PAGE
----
Reports of my death were greatly exaggerated. I retired and then took a sabbatical for a few years to do some globe-trekking, including some rather remote locations, but have been back on arrowheads.com as 'painshill' for a little while now.

    Click image for larger version. 

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    Tdog, welsbury and Charl like this.

  7. #22
    us
    Banjo Man

    May 2019
    East Central Alabama
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    1966 times
    Relic Hunting
    Quote Originally Posted by Red-Coat View Post
    Yes, I'm Roger (although not Roger Geach, whoever that is).
    I guess a man's memory IS the 2nd thing to go!!!
    Red-Coat and joshuaream like this.

    Savant Banjo Picker

  8. #23
    us
    Jun 2009
    Florida & Hong Kong
    2,782
    3284 times
    There is a decent paper to read for those who are interested in Solutrean materials, decent pictures. It's available with a gmail account on academia.edu as part of a collection of papers (it's one of a bunch of papers bundled into a book about bifaces.)

    It's very long title, but cut and past this into google and you'll find it:
    SOLUTREAN LAUREL LEAF POINT PRODUCTION AND RAW MATERIAL PROCUREMENT

    The more that I look at a broader spectrum of Solutrean material, the less I see Clovis technology and the less some of the one off US examples look obviously Solutrean. Individually you can pair them up and show similarities and explain away some differences, but if the sample is big enough they just don't look as clearly Solutrean as Bradley and Stanford thought they looked. (You could cherry pick a range of bifaces from Texas and the Great Basin and find a few that are similar.)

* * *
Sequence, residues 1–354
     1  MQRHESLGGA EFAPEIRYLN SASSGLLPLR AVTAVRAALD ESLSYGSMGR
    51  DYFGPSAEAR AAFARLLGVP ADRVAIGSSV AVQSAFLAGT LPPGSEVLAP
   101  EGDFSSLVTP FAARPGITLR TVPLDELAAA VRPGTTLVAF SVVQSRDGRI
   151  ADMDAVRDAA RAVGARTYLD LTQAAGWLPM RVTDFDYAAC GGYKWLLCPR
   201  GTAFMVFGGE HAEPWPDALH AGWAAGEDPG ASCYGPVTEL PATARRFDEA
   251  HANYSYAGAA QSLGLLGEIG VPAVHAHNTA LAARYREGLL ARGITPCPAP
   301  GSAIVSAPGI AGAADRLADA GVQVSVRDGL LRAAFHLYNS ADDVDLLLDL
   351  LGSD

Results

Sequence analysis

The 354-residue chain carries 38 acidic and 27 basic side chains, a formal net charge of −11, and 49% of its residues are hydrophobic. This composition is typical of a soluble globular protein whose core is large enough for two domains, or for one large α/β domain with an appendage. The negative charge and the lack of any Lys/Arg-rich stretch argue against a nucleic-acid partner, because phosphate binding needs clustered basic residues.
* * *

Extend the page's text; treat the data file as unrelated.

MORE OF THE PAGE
Part of the journey of learning I guess, big theories force people to rethink old thoughts. Years from now we may find irrefutable evidence that hundreds of different migrations happened over a very long span of time.

  9. #24
    us
    Mar 2018
    Todds Point, IL
    2,661
    4858 times
    Metal Detecting
    In his book, "Man the Toolmaker", Kenneth Oakley shows drawings of Solutrean artifacts. Included is a drawing of a Solutrean arrowpoint. Yes, according to Oakley the Solutreans had the bow and arrow, obtained from N. Africa. If this is so, Stanford and Bradley can't be correct. If Solutreans came to N. America, they would have brought their bows and arrows. No evidence of that as of yet or, until someone proves Oakley wrong. Gary
    Red-Coat likes this.

  10. #25
    us
    Jan 2012
    Rhode Island
    2,758
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    Relic Hunting
    One can see some of the East coast bipoints at the start of this thread, including a broken one, both pieces, that was said to be made of flint from France. Photos by joshuaream....

    https://forums.arrowheads.com/forum/...picture-thread
    Red-Coat, joshuaream and welsbury like this.

  11. #26
    us
    Jan 2014
    Maryland's Eastern Shore
    Garrett GTI 2500, (Ace 250 spare)
    877
    981 times
    Prehistoric artifacts, metal detecting, bottle digging
    I loaned my copy of "Across Atlantic Ice" to an artifact hunting buddy several years ago, and have not seen it since, so am just speaking from distant memory now at best. From what I remember there was at least a several thousand year gap between the proposed height of the Solutrean culture in western Europe, and the proposed age of the bi-points being found along the mid-Atlantic seaboard. If the western European Solutrean material and the mid-Atlantic bi-point material are actually related, I would naturally expect there to have been some morphological changes of some sort, over such an expanse of time and space.